Potential interactions between coffee consumption, genetic polymorphisms, diabetes, liver and cardiovascular disease, and total and cause-specific mortality
Coffee drinking has been associated inversely with cardiovascular disease, diabetes, liver disease, certain types of cancer, and other diseases. However, there remain concerns about adverse effects, particularly among the large number of so called ?fast metabolizers? who have variants in CYP1A2 and other genes. Our objective is to examine whether associations for coffee drinking with disease vary among people with and without these genetic polymorphisms. Therefore, we propose to 1) identify genetic loci associated with coffee; and 2) examine whether such loci affect associations for coffee and cross-sectional markers of disease, as well as mortality during follow-up. Despite inverse associations with mortality in recent prospective cohort studies, there remains concern that people with certain genotypes may be vulnerable to negative health effects. If verified, prevention strategies can target these carriers who would specifically benefit from coffee restriction. The proposed research will further our understanding of the health impact of coffee and inform dietary guidance regarding coffee consumption. Additionally, this study will provide insight into biological mechanisms underlying previously observed associations of coffee drinking with cardiovascular disease, liver disease, diabetes and mortality by considering the relationships between coffee-drinking genotypes and intermediate markers of chronic disease risk. We will take advantage of already available genetic data to identify particular genetic variants that are associated with coffee drinking, including those related to CYP1A2, confirming and extending previous findings. Then, we will examine associations of coffee drinking with cross-sectional markers of cardiovascular disease, liver disease and diabetes; as well as with total- and cause-specific mortality. Finally, we will examine whether associations between coffee drinking and these disease endpoints vary by the identified genetic variants. The full cohort (N?500,000) will be included in our analysis, including everyone with information on coffee drinking as well as genetic data. Additional analyses including a subset of participants who completed multiple dietary assessments will also be conducted.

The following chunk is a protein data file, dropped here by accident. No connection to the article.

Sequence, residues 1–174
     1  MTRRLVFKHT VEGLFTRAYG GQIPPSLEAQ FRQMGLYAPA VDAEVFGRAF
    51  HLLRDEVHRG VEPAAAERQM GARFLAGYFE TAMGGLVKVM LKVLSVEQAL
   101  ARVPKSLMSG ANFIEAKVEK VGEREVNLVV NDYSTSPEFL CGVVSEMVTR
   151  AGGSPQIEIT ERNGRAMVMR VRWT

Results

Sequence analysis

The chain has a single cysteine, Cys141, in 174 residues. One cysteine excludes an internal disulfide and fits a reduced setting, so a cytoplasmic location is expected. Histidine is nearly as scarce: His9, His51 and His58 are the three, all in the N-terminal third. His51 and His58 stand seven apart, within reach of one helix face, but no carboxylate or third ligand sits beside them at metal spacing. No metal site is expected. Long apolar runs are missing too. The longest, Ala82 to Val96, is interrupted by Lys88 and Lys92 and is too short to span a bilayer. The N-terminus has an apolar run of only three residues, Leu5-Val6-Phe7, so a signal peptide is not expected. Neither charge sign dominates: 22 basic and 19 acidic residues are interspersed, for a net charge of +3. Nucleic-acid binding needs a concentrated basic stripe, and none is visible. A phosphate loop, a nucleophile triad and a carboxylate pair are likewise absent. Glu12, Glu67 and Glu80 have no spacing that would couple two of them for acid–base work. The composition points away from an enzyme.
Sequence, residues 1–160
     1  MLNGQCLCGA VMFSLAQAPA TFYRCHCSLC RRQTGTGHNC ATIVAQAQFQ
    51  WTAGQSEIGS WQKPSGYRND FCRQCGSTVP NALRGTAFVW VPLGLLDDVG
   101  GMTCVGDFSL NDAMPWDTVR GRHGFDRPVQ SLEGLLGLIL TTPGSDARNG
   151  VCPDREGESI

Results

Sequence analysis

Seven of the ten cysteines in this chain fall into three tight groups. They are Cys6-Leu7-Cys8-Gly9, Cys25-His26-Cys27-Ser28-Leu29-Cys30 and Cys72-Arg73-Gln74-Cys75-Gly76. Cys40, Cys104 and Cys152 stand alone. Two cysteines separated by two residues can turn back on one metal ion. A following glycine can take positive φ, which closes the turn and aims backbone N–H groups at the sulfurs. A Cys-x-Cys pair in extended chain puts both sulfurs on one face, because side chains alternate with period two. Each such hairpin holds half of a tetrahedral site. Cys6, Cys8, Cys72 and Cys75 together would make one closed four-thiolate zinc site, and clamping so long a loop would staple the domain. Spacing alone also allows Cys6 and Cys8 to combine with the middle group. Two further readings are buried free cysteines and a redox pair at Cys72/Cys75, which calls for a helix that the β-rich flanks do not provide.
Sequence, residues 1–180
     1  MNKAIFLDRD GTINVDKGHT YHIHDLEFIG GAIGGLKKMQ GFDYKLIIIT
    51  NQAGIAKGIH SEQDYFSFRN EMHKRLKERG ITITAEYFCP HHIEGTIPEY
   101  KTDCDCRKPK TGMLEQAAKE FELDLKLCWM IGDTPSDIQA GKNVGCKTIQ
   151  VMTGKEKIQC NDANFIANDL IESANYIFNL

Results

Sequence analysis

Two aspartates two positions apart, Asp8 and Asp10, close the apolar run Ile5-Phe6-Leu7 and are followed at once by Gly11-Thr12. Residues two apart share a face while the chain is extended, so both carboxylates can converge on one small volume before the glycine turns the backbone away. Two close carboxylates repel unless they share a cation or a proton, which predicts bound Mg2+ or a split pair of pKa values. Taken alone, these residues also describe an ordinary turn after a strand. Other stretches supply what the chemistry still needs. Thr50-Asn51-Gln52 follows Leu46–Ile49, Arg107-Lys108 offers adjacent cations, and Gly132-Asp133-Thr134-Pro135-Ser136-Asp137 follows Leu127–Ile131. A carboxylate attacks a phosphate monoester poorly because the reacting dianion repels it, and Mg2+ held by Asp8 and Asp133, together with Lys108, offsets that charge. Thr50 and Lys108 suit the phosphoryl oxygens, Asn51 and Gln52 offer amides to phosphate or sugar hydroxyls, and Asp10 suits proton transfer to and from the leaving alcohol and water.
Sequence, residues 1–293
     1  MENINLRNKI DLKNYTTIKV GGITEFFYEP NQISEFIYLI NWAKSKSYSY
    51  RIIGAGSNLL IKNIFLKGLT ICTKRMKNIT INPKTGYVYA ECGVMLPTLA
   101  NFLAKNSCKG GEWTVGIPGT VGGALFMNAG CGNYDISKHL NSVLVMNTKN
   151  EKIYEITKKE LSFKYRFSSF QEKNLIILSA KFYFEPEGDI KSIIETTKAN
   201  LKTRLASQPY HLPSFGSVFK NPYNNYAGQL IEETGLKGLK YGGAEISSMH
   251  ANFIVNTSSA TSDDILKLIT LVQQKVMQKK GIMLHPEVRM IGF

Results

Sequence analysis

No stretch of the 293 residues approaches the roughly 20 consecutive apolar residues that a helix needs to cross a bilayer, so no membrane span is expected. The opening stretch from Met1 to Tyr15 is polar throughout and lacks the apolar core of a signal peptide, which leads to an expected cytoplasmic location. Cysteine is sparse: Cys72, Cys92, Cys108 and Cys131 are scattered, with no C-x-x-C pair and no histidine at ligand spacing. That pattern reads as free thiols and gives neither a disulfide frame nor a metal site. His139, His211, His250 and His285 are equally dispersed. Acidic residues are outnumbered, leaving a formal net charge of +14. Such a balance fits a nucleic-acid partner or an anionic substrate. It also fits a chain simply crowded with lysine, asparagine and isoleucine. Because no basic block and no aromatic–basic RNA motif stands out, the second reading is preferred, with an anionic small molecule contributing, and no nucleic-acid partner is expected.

|Lead investigator:||Dr Erikka Loftfield|
|Lead institution:||National Cancer Institute|